caution

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caution

1 a formal warning given to a person suspected or accused of an offence that his words will be taken down and may be used in evidence.
2 a warning to a person by the police, or in Scotland by the Procurator Fiscal, that while it is considered that there is enough evidence for a prosecution, no such prosecution will take place but that the matter will be kept on file.
3 a notice entered on the register of title to land that prevents a proprietor from disposing of land without a notice to the person who entered the caution.
4 see GUARANTEE.
Collins Dictionary of Law © W.J. Stewart, 2006

CAUTION. A term of the Roman civil law, which is used in various senses. It signifies, sometimes, security, or security promised. Generally every writing is called cautio, a caution by which any object is provided for. Vicat, ad verb. In the common law a distinction is made between a contract and the security. The contract may be good and the security void. The contract may be divisible, and the security entire and indivisible. 2 Burr, 1082. The securities or cautions judicially required of the defendant, are, judicio sisti, to attend and appear during the pendency of the suit; de rato, to confirm the acts of his attorney or proctor; judicium solvi, to pay the sum adjudged against him. Coop. Just. 647; Hall's Admiralty Practice, 12; 2 Brown, Civ. Law, 356.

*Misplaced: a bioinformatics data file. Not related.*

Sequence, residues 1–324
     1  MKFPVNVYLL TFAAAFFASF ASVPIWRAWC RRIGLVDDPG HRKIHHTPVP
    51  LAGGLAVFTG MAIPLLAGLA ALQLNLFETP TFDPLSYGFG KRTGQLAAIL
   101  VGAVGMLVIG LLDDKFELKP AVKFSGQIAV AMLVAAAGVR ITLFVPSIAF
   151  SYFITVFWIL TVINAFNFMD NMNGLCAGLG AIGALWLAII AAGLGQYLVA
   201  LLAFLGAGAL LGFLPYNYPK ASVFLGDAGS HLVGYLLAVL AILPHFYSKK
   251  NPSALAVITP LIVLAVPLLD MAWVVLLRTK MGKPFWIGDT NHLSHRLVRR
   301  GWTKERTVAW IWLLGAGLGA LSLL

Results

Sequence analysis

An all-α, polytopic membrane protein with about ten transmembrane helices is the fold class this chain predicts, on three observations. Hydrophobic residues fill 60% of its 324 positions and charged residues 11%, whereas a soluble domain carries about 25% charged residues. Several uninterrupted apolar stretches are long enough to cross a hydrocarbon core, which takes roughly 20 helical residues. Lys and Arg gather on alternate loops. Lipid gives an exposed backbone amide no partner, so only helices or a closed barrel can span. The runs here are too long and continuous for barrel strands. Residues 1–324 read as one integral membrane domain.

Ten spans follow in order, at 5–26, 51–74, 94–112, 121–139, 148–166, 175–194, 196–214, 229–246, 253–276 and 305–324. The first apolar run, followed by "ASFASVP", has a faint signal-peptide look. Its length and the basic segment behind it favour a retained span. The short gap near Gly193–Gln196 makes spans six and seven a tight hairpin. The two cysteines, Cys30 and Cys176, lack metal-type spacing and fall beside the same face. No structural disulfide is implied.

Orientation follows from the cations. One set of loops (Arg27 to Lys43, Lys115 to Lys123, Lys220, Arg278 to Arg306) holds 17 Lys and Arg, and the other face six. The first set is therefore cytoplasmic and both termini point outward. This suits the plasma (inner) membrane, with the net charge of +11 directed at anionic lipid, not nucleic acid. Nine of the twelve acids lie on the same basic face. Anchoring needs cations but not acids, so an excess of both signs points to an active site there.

CAUTION, TURATORY, Scotch law. Juratory caution is that which a suspender swears is the best he can offer in order to obtain a suspension. Where the suspender cannot, from his low or suspected circumstances, procure unquestionable security, juratory caution is admitted. Ersk. Pr. L. Scot. 4, 3, 6.

A Law Dictionary, Adapted to the Constitution and Laws of the United States. By John Bouvier. Published 1856.